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A rare, mysterious paralyzing illness called acute flaccid myelitis (AFM) could become more common in the United States, according to the head of the National Institute of Allergy and Infectious Diseases (NIAID).
While AFM is unlikely to become as widespread as polio once was, Fauci cautioned: "Don't assume that it's going to stay at a couple of hundred cases every other year."
He published a report about AFM Tuesday in the journal mBio.
U.S. public health officials are becoming concerned about AFM because it is affecting increasing numbers of children, the AP reported.
AFM cases have been reported in other countries, including Canada, France, Britain and Norway, but U.S. outbreaks have been more significant. More than 550 Americans have been diagnosed with AFM this decade. More than 90 percent were children, most around 4, 5 or 6 years old. The oldest patient was 32.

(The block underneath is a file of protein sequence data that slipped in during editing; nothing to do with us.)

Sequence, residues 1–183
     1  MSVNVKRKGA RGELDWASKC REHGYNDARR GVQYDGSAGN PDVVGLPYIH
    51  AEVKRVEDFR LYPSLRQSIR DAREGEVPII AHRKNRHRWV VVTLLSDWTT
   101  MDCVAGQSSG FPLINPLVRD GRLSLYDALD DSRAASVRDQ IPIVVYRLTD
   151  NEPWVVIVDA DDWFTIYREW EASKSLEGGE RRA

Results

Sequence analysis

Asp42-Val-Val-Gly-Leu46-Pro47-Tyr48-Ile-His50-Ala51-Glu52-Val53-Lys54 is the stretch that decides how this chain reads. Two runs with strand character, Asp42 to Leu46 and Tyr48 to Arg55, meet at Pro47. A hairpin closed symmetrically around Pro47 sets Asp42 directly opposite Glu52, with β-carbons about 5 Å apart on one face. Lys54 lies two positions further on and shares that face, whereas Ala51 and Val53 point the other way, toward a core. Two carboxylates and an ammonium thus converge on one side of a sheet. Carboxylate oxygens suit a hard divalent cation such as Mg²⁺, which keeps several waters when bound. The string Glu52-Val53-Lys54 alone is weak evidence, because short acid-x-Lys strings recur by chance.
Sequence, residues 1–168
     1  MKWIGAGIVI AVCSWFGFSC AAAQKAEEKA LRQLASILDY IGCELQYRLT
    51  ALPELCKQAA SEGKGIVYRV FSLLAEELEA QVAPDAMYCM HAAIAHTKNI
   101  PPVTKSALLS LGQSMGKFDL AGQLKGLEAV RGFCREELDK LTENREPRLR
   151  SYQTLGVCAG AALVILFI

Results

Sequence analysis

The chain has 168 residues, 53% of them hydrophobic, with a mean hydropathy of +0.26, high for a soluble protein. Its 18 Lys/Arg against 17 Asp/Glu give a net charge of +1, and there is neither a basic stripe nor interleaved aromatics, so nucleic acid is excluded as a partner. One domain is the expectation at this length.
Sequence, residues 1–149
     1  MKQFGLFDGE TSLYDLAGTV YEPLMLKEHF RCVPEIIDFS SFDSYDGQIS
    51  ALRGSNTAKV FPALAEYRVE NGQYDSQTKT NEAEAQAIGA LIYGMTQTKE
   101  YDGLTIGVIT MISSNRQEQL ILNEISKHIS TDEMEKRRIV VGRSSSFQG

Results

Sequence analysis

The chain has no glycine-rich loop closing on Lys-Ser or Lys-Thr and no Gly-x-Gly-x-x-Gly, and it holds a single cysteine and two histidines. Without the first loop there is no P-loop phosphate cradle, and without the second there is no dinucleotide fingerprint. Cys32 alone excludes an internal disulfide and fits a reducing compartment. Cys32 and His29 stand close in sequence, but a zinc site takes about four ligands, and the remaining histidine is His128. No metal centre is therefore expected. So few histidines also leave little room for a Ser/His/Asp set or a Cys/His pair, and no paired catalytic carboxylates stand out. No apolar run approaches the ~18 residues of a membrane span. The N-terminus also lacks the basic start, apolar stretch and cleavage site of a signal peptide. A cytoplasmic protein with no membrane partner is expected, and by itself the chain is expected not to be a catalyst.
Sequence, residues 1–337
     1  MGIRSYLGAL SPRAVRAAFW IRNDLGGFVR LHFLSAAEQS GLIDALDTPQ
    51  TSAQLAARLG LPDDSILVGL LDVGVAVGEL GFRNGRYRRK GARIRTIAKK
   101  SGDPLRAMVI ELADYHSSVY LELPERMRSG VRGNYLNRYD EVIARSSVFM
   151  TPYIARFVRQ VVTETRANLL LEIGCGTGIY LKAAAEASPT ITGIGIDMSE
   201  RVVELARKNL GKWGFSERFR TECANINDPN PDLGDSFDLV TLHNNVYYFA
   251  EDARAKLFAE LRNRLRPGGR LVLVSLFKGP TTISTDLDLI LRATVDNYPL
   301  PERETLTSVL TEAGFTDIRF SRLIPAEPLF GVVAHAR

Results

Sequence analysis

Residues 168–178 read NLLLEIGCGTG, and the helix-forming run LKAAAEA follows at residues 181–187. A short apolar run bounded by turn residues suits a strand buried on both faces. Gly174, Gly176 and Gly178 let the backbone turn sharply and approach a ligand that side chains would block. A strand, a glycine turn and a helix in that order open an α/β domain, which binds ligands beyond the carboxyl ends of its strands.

The first major U.S. outbreak occurred in 2014, when there were 120 confirmed cases. Most of them were in California and Colorado.
Since then, there has been a cyclical pattern, with 22 cases in 2015, 149 in 2016, 35 in 2017, and 228 last year. That number may rise because scores of possible cases are still under investigation. Only four cases have been confirmed so far this year, the AP reported.
But Fauci said it would be wrong to assume that surges will continue to take place every other year, warning that the next one "may be in 2019, for all we know."
NIAID has urged researchers to apply for federal funds to study AFM, and is enlisting a network of pediatric research centers to work on the disease, the AP reported.
The U.S. Centers for Disease Control and Prevention has created a scientific task force and plans to monitor AFM cases more closely.
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